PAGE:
Indian summer to return with balmy 28C after UK is battered by rain

Brits are likely to bask under scorching heat as a “ridge of high pressure” is set to bring more warm weather to the UK as we move into October.

Temperature levels are predicted to remain high as we head into October with an ‘Indian Summer’ expected to bring more glorious sunshine and temperatures above 20C to the UK.

The hottest day of the year came on Saturday (September 9) as 33.2C was recorded in Kew Gardens – but sadly the weather has since deteriorated.

Concerning weather for Monday October 2 to Tuesday October 10, Ian Simpson, forecaster for independent team Netweather, wrote on its blog: “It looks probable that we will see one or two relatively settled interludes early on in the period with ridges of high pressure moving in, most likely from the south.

“Temperatures are likely to be above normal early in the period, but trending average to fairly cool late in the period. It will probably be drier than average for most, particularly in the west and north-west.”

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He added it’ll likely be “sunnier than average”, particularly in the west of England, southwest of England and across Wales.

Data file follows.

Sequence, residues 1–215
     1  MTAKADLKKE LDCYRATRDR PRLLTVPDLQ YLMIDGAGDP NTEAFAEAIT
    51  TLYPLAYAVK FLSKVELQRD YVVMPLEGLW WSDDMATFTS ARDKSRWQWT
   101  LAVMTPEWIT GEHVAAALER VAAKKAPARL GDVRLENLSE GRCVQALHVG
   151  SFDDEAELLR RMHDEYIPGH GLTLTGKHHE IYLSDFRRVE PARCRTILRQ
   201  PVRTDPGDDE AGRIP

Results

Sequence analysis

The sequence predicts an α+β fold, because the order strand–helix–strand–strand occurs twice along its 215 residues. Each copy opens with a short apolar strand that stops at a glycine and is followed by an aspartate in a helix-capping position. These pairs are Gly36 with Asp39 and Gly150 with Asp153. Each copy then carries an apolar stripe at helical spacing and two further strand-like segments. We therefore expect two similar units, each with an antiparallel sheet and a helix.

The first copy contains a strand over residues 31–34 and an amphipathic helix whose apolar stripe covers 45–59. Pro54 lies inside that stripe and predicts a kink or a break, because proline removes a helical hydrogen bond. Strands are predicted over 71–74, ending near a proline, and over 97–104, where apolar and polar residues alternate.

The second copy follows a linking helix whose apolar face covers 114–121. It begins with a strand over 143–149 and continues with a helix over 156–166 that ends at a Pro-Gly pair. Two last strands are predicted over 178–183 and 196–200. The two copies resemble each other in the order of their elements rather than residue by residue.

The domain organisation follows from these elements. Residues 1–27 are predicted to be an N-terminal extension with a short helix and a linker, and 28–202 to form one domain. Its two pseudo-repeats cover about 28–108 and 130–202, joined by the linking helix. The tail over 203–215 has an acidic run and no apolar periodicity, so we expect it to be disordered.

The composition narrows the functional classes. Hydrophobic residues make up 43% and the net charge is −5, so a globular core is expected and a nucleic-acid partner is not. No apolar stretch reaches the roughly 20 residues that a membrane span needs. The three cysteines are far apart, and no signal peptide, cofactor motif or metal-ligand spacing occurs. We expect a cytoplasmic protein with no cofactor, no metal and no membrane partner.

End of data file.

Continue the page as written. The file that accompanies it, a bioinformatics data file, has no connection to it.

High pressure will shift to the north of England by the end of this period in what has been described as an “anomaly,” implying warmer air for this time of the year typically.

Meanwhile, on Saturday, the mercury is expected to hit a balmy 28C on the south coast from 3pm to 6pm. Southern-central regions including London can expect 26C or 27C.

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The Met Office said conditions will be “turning warmer and humid again in the southeast on Saturday”.

A spokesperson from Met Office told “It could be an unsettled weekend of weather for many in the south, with some thundery downpours likely for some.

“Although precise details are still being determined, some warmer air is expected to influence the weather from the south on Saturday and Sunday. Although this will see temperatures rise for many in the south, likely in the mid-to-high 20s Celsius in London, it also sees the increase in frequency of these thundery downpours on Saturday and more likely on Sunday.

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“Although not everywhere will see the worst of these downpours, it’s certainly a watchpoint in the forecast through the weekend for much of the south of England and Wales, with lightning and additional possible hazard through the weekend.”

However, similarly to this weekend just gone, the national weather agency added there will be a “risk of thunderstorms”.

Thunderstorms could also come on Sunday (September 17). The Met Office said: “Relatively dry, bright and cool conditions are expected in the north on Sunday, but southern and central regions are more likely to be more humid with outbreaks of showers, and a possibility of thunderstorms at times.”

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